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Mod Pathol. 2003 Jul;16(7):665-73.

p16(INK4a) expression correlates with degree of cervical neoplasia: a comparison with Ki-67 expression and detection of high-risk HPV types.

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  • 1Department of Pathology, University of Washington, Seattle, Washington 98195, USA.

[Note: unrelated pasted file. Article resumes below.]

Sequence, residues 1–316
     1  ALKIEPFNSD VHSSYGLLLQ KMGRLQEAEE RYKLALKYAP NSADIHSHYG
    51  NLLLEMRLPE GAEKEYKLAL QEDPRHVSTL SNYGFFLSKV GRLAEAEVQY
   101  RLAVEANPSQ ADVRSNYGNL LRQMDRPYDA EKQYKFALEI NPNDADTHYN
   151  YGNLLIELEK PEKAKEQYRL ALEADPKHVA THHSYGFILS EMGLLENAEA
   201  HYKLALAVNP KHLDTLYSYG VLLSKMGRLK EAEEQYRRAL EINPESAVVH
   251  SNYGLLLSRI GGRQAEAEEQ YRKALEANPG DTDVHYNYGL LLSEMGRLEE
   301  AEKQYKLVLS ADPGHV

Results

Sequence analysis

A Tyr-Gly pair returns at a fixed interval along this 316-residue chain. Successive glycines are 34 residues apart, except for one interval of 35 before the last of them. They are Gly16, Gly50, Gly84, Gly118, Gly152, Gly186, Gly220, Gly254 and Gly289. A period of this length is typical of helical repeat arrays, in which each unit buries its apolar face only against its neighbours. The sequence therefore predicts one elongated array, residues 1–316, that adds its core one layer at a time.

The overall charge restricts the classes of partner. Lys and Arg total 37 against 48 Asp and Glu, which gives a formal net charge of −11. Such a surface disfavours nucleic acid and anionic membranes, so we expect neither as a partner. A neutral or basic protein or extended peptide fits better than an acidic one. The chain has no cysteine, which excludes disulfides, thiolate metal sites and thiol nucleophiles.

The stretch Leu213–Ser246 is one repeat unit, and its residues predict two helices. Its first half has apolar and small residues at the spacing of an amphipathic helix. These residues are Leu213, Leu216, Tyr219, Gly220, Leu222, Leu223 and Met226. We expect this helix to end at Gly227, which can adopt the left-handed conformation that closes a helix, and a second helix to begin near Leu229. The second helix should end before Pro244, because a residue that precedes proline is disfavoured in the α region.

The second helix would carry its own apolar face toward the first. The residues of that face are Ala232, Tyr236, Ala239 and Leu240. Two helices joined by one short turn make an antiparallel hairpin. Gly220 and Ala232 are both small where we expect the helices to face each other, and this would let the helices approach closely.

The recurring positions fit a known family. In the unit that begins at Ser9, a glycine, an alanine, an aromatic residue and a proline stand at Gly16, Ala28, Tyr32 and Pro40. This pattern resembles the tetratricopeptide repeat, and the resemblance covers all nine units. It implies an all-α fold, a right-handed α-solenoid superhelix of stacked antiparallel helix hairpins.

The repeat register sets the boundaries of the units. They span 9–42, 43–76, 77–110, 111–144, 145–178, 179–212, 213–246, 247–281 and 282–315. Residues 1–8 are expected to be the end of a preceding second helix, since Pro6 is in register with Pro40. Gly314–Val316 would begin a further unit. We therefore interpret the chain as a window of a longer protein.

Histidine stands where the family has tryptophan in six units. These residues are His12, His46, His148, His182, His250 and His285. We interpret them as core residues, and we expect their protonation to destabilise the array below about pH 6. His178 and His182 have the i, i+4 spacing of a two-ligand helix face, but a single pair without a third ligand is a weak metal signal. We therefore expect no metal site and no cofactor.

Although recent studies have suggested that p16(INK4a) may be a useful surrogate biomarker of cervical neoplasia, Ki-67 and human papillomavirus testing have also been shown to be useful in detecting neoplasia. To help delineate the utility of p16(INK4a), biopsy samples (n = 569: negative, 133; reactive, 75; atypical, 39; low grade, 76; moderate, 80; and severe intraepithelial neoplasia, 113; also, squamous cell carcinoma, 46; adenocarcinoma, 7) were analyzed by immunohistochemistry for expression of p16(INK4a) and Ki-67 (n = 432), as well as by in situ hybridization for human papillomavirus Type 16 (n = 219). Testing for high-risk human papillomavirus types by polymerase chain reaction and HybridCapture2 was performed on concurrent cervical swab specimens. Recuts of the original blocks were reexamined (n = 198). Endometrial biopsies (n = 10) were also analyzed for p16(INK4a) expression. Degree of p16(INK4a) and Ki-67 expression correlated with degree of cervical neoplasia (P <.001) and with presence of high-risk human papillomavirus types (P <.001). There was no relationship between p16(INK4a) overexpression and inflammation or hormonal status. Ki-67 expression correlated with inflammation (P = 0.003) and was expressed in more reactive and atypical lesions than p16(INK4a) (P = 0.008). Probes for human papillomavirus 16 stained 54% of cervical neoplastic lesions; the degree of staining correlated significantly with degree of neoplasia (P <.001) and p16(INK4a) staining (P <.001). Interobserver reproducibility was substantial for p16(INK4a) and Ki-67 interpretation (weighted kappa: 0.74 and 0.70, respectively). Expression of p16(INK4a) was observed in all endometrial biopsies. Compared with Ki-67 expression and detection of high-risk human papillomavirus, p16(INK4a) was less likely to be positive in samples from women with negative, reactive, and atypical biopsies. Although expression of p16(INK4a) in endometrial epithelium may be problematic in terms of screening, the potential of p16(INK4a) as a screening test warrants investigation.

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